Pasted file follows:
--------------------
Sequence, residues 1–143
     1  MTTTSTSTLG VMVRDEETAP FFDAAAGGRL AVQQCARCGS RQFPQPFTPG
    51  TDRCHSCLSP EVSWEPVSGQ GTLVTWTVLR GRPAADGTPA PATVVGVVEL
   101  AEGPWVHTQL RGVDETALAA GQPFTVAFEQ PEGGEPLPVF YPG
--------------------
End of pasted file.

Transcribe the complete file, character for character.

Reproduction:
Sequence, residues 1–143
     1  MTTTSTSTLG VMVRDEETAP FFDAAAGGRL AVQQCARCGS RQFPQPFTPG
    51  TDRCHSCLSP EVSWEPVSGQ GTLVTWTVLR GRPAADGTPA PATVVGVVEL
   101  AEGPWVHTQL RGVDETALAA GQPFTVAFEQ PEGGEPLPVF YPG